The songs from their latest album, Carnatic Connections, will be featured in their upcoming gig on December 9th at Rich Mix, where the Bollywood Brass Band has performed numerous times before.

Kay: Rich Mix is one of my favourite venues – it’s quite intimate, and it will be a standing event, even though quite a few of these songs are mid-tempo songs. But then when we played on tour, Bollywood Brass Band did some of our more up-tempo songs as well. Jyotsna has also done songs on her own just as a duo with percussion – the mridangam, and she explains brilliantly to the audience about Carnatic violin and about the kind of ornamentation and the very flashy, virtuosic playing. And you can hear them on their own – the drummer and violin together, and then when we join together in the finale, you really get the full force of both styles.

Before ending the conversation, I was interested in what the future holds for the two parties, and if there are any new projects we can look out for.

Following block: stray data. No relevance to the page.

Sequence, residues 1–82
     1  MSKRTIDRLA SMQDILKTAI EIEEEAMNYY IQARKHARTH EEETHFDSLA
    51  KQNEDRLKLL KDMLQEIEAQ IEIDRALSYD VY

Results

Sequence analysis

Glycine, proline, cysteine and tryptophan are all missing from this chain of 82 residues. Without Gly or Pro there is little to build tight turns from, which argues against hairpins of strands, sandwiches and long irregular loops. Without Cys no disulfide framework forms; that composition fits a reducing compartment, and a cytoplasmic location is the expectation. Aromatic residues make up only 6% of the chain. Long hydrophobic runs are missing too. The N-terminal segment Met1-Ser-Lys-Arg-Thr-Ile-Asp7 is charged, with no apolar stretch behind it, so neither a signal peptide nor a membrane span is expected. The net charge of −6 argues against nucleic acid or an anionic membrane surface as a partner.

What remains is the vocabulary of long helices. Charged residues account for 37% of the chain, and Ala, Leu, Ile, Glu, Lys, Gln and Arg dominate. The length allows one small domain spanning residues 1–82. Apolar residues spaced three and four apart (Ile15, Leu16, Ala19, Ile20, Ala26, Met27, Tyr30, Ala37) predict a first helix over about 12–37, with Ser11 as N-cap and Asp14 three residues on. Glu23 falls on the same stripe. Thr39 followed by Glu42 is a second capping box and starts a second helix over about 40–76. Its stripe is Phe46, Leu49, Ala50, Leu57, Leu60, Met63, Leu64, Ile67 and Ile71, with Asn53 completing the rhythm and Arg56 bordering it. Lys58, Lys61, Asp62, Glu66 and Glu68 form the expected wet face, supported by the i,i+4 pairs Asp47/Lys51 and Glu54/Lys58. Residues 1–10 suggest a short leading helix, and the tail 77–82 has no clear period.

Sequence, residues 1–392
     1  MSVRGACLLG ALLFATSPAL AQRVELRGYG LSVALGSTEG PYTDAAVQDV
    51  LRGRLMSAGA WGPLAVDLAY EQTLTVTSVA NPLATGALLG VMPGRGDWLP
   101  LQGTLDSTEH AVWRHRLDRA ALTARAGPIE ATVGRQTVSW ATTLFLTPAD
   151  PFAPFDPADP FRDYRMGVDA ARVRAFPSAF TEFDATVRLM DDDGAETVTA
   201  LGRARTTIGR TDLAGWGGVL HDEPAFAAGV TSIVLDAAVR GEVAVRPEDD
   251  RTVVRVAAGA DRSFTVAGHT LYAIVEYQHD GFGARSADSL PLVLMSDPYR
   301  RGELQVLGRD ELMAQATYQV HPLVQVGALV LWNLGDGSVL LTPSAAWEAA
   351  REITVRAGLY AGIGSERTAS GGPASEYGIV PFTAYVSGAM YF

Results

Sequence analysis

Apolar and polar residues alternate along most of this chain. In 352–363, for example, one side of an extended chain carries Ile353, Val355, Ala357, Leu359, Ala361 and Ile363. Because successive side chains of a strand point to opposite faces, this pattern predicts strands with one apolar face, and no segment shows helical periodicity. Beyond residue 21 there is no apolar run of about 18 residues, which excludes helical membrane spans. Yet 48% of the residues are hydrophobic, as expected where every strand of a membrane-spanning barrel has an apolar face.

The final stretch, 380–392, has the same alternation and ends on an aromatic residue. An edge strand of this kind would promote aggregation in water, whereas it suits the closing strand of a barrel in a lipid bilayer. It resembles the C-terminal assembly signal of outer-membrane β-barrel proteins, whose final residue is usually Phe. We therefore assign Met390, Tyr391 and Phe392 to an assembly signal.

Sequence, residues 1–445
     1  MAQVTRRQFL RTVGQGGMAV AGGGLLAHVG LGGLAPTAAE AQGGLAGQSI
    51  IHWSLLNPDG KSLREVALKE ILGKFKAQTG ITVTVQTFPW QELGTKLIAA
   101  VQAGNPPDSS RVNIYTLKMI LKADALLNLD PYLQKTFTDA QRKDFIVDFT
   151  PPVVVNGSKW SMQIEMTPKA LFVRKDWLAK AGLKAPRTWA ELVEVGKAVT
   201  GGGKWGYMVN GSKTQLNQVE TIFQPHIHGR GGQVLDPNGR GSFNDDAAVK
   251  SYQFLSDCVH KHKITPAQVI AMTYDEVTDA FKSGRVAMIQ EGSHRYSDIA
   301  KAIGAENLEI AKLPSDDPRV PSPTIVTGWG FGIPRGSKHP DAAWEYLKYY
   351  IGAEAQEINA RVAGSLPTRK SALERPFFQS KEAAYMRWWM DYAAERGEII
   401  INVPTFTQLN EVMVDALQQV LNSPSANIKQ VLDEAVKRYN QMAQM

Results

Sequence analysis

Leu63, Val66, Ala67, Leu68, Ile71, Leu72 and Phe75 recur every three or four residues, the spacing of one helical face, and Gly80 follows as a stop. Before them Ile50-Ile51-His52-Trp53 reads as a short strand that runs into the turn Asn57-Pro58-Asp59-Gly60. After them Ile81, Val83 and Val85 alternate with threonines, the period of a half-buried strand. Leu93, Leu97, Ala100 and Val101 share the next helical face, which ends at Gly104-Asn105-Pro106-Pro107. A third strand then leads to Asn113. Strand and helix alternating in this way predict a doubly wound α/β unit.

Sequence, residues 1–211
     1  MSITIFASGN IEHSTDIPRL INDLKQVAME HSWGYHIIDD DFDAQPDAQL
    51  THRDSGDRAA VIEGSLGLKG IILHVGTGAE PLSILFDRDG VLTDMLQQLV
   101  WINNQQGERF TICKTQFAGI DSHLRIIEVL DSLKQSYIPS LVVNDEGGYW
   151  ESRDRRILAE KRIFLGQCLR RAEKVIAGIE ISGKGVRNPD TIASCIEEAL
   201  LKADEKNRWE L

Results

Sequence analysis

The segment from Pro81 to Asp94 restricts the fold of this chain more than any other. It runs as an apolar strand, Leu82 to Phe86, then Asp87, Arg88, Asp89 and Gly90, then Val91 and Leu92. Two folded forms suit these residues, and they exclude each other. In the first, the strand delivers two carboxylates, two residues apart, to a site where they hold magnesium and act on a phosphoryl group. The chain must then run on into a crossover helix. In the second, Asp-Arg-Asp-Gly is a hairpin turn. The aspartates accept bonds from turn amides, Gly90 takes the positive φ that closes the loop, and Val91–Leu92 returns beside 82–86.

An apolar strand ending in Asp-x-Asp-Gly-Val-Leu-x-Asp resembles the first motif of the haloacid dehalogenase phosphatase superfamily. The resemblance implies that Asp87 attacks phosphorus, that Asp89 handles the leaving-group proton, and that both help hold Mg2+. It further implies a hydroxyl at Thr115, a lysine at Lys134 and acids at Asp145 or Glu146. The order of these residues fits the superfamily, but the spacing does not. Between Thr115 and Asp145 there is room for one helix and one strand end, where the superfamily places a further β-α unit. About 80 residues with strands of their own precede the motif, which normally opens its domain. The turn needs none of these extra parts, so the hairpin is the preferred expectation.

Jyotsna: I’ve been working on an Indian Violin concerto, which is totally different. I also have a band called Nordic Raga with Swedish folk musicians, and in January, we’ll be collaborating with a Swedish string quartet, and I’m composing for them at present. But that’s in Sweden, but in the UK, in June, Carnatic Connections will be touring and we’re looking to perform in the summer festival next year.

Kay: And apart from continuing with what we can with Carnatic Connections, next year we’ve got two big things; A.R. Rahman’s 50th birthday – so we’re doing some gigs focusing on just Rahman’s songs – and the other thing is the anniversary of Indian Independence, 2017, so we’ll be theming some concerts around those two ideas.

These are definitely exciting times for the Bollywood Brass Band and Jyotsna, what with this sensational collaboration where brass meets strings, to even more exhilarating projects coming up on the horizon.

In collaboration with Rich Mix